Want to try ChromeOS in VirtualBox? Whether you’re considering buying a Chromebook and want to get a feel for the operating system, or you’re just curious about ChromeOS, a virtual machine is a great way to try Google’s browser-first OS.
Unfortunately, Google does not offer downloads of ChromeOS — at least, not in a form that’s easy to use with a virtual machine. The popular ChromeOS builds once offered by Hexxah seem to have disappeared, too. Even Neverware’s CloudReady version has limitations.
That said, your choices for running ChromeOS in a virtual machine are extremely narrow. Here’s how to run Neverware’s older ChromeOS build in VirtualBox. If you want something newer, the company offers a build for VMware ESXi 6.5, Workstation 14.1.1, and Fusion 10.1.
What you need
The latest version of the CloudReady ChromeOS image, v83, does not work with VirtualBox due to “graphics incompatibilities.” You’ll need to find and download the older version listed below, as Neverware doesn’t offer this file. As for
Before installing VirtualBox
Step 1: Type “turn” in the search field on the taskbar, and select Turn Windows Features On or Off in the results.
Step 2: A pop-up window appears on the screen. The following features should be disabled (though double-check what you’re losing access to before doing so):
- Application Guard — Isolates enterprise-defined untrusted sites.
- Credential Guard — Virtualization-based security that only grants privileged system software access to secrets.
- Device Guard — Enables Hyper-V components.
- <any> * Guard
- Containers — System-level virtualization for running multiple isolated applications.
- Hyper-V — Runs 64-bit virtual machines on the host OS.
- Virtual Machine Platform — Component for running a virtual machine.
- Windows Hypervisor Platform — Adds an extended user-mode API for third-party virtualization stacks and applications.
- Windows Sandbox — A virtual, disposable environment.
- Windows Subsystem for Linux (WSL) — A compatibility layer for running Linux binary executables.
Note: The features listed above relate to virtualization and are not included in Windows 10 Home. Re-enable these features if you don’t plan to use VirtualBox outside this ChromeOS test drive.
Step 3: Restart Windows 10.
If the ChromeOS image still fails to load, try the following:
Step 1: Right-click on the Start button, and select Windows PowerShell (Admin) on the Power User Menu.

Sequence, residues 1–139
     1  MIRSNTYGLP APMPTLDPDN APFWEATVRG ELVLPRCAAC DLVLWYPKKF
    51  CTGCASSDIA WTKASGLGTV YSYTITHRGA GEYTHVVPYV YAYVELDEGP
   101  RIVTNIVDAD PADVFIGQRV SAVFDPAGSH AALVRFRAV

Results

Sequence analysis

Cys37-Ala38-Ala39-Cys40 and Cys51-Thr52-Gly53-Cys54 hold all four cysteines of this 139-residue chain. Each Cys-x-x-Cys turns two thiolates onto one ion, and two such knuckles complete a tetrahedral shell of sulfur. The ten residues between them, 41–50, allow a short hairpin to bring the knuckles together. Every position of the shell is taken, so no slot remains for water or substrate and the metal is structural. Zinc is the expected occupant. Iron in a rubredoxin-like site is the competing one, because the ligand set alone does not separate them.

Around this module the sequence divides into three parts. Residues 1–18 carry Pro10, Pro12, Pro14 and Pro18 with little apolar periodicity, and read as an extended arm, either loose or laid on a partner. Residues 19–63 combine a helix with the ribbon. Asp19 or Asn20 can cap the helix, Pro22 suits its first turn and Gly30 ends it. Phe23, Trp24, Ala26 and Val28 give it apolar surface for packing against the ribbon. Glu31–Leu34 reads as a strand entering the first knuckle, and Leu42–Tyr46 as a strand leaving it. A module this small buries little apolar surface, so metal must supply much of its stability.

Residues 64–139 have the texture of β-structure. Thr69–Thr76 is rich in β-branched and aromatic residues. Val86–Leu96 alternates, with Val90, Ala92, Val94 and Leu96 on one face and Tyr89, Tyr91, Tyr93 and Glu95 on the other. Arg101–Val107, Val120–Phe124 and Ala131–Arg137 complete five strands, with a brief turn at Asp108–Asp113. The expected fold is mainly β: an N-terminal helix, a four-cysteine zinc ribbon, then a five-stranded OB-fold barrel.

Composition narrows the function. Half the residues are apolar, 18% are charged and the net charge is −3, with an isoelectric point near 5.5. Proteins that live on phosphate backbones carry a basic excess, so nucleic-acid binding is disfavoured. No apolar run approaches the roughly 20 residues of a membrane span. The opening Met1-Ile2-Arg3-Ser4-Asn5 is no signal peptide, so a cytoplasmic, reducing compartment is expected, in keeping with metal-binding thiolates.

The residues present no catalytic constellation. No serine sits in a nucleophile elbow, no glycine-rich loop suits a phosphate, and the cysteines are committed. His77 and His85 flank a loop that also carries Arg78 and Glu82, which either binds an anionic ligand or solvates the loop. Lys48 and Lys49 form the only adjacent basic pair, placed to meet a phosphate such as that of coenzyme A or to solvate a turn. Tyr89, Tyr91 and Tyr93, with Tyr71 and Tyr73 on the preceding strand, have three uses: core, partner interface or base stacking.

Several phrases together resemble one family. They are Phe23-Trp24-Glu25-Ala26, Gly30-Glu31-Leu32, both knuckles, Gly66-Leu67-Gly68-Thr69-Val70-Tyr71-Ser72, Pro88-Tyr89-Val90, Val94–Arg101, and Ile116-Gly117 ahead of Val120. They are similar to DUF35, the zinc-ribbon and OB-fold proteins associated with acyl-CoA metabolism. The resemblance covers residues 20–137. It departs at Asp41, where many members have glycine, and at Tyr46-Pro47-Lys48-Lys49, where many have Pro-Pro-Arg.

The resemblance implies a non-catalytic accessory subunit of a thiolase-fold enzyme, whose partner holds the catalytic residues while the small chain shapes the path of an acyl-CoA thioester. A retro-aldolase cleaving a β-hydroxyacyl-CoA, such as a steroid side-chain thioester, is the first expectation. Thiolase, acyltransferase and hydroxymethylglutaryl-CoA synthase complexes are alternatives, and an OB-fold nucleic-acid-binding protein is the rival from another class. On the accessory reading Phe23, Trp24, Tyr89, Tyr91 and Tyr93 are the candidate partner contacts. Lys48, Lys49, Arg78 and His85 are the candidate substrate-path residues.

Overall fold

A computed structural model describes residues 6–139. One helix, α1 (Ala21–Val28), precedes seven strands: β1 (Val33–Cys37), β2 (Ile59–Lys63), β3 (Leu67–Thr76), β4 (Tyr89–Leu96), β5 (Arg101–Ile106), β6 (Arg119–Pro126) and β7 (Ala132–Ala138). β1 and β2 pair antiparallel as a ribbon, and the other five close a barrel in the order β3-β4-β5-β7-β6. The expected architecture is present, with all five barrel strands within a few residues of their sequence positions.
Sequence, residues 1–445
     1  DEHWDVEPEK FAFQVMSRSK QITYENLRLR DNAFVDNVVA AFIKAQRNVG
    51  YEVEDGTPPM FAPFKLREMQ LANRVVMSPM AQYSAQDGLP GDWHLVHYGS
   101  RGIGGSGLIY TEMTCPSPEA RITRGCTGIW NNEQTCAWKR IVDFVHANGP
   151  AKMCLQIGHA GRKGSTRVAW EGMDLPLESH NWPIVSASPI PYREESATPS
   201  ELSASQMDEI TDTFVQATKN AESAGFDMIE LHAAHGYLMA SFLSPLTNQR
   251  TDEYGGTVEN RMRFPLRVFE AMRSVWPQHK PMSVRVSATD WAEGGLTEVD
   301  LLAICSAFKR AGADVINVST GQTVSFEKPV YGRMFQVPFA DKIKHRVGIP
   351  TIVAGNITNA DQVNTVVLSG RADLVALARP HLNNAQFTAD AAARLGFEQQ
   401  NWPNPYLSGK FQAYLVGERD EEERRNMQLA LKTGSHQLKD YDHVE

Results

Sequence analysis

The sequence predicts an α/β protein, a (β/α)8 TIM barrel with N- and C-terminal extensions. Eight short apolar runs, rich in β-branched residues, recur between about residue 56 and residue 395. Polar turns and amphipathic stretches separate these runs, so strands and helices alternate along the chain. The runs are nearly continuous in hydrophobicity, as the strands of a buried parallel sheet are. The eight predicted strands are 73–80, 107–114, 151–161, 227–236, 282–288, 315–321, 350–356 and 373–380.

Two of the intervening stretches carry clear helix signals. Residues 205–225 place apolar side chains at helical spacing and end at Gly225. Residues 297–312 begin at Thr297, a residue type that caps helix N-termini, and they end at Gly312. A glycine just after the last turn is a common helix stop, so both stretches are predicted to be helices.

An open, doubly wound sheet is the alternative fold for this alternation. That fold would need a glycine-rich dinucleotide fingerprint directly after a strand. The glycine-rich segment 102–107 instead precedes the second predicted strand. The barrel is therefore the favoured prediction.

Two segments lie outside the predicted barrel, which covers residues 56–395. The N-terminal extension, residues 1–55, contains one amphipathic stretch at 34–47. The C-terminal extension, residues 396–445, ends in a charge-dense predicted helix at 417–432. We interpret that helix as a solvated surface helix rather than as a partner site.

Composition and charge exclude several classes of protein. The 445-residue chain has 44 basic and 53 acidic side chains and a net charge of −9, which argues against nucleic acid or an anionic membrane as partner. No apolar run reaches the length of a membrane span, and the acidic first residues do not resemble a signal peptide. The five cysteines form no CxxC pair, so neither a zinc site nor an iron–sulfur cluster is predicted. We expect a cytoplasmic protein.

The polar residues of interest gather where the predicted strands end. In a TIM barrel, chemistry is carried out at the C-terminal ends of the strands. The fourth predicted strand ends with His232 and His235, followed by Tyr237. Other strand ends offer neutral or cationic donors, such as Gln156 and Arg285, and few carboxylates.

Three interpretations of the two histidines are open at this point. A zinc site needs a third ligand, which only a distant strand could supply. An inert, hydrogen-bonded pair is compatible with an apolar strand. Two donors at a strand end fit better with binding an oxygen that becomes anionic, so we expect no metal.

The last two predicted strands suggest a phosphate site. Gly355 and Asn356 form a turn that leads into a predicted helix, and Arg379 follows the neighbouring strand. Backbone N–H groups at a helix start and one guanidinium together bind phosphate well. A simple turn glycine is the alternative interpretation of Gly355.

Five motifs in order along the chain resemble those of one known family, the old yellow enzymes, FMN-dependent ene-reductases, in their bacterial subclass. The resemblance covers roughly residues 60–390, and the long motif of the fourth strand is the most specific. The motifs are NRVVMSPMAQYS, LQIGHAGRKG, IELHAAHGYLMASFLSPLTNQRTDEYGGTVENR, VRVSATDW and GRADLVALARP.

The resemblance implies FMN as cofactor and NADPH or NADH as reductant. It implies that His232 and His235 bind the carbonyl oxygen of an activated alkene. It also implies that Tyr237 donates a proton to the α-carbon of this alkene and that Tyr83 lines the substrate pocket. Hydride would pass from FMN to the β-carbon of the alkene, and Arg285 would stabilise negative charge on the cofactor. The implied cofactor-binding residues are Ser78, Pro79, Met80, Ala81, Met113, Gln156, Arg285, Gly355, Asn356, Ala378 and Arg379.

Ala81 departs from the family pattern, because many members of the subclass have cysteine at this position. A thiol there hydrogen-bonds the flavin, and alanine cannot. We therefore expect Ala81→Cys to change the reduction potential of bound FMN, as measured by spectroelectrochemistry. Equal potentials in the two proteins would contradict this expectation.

Step 2: Type: bcdedit /set hypervisorlaunchtype off
Step 3: Shut down the PC, and then restart — do not simply click “Restart.”
Run ChromeOS in VirtualBox
Step 1: With VirtualBox open, Click File in the top-left corner, followed by Import Appliance on the drop-down menu.
Step 2: Next to the File field, click the Folder icon located on the far right, locate the CloudReady_Free_x64_Virtualbox.ova file on your PC, and then click the Open button.
Step 3: The OVA file appears in the file field. Click Next to continue.
Step 4: Leave all the default appliance settings alone, and click the Import button to continue. A pop-up appears as VirtualBox creates the ChromeOS virtual machine.
Step 5: On the main VirtualBox Manager panel, select the CloudReady_Free_x86 virtual machine, and then click the green Start button.
Step 6: The CloudReady logo appears for a moment until the install panel loads. Select a language, the keyboard layout, and the network connection, and then click Continue when ready.
Step 7: The Adobe Flash EULA terms appear. Click the Not Now button.
Step 8: Enter your Google Account email or phone, and click the Next button.
Step 9: Enter your Google Account password, and click the Next button.
Note: You can also select Browse as Guest, although you’ll see more of ChromeOS using a Google account.
Step 10: Verify two-step authentication if needed.
Welcome to ChromeOS
With ChromeOS loaded, you can get a general idea of what to expect. This build doesn’t reflect the latest version, as the entire interface looks different. A few web-based apps associated with your account may appear at the bottom, but that’s about it. This build doesn’t ship with wallpaper, so we downloaded one using the Chrome browser.
In newer builds, apps are tucked away in a “tray” that’s accessible by clicking the Launcher icon. In this older build, click the Magnifying Glass in the bottom-left corner, and an old-school pop-up window appears with all your web-based apps. Since this build does not support (or include) Google Play, Android apps cannot be downloaded and installed.
Click on your icon located next to the system clock, followed by Settings to change the wallpaper, mouse speed, default download location, Google Cloud Print, and more.
While there doesn’t appear to be any means to change the output resolution to better complement your PC’s desktop, you can switch between three modes — Fullscreen, Seamless, or Scaled — or select a percentage to scale up the ChromeOS desktop from 125% to 300%.
As shown above, click View on the virtual machine’s menu bar and select one of the three modes, or click Virtual Screen 1 and select a specific percentage.
Try before you buy
At this point, running ChromeOS in a virtual machine using the build linked above merely provides a sample. Unfortunately, the current CloudReady image doesn’t support VirtualBox. Moreover, it doesn’t even run in VMware Workstation player 15.5 — it only works in VMware ESXi 6.5, Workstation 14.1.1, and Fusion 10.1.
That said, if you want to sample ChromeOS, just visit Best Buy or a similar retail outlet that sells Chromebooks. Otherwise, experimenting with ChromeOS in VirtualBox is extremely limited until another image with a newer ChromeOS version arrives.
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